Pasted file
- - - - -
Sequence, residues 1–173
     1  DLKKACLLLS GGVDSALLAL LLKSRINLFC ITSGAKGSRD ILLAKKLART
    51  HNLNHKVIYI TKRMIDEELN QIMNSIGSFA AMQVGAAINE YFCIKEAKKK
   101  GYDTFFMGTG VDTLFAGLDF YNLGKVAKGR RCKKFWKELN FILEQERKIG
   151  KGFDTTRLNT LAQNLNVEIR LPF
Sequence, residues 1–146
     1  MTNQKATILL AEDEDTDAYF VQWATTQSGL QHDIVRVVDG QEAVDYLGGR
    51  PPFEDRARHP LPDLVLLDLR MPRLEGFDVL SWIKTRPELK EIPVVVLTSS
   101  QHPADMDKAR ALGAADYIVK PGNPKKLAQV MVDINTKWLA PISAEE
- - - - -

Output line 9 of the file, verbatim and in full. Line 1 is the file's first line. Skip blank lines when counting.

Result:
   101  QHPADMDKAR ALGAADYIVK PGNPKKLAQV MVDINTKWLA PISAEE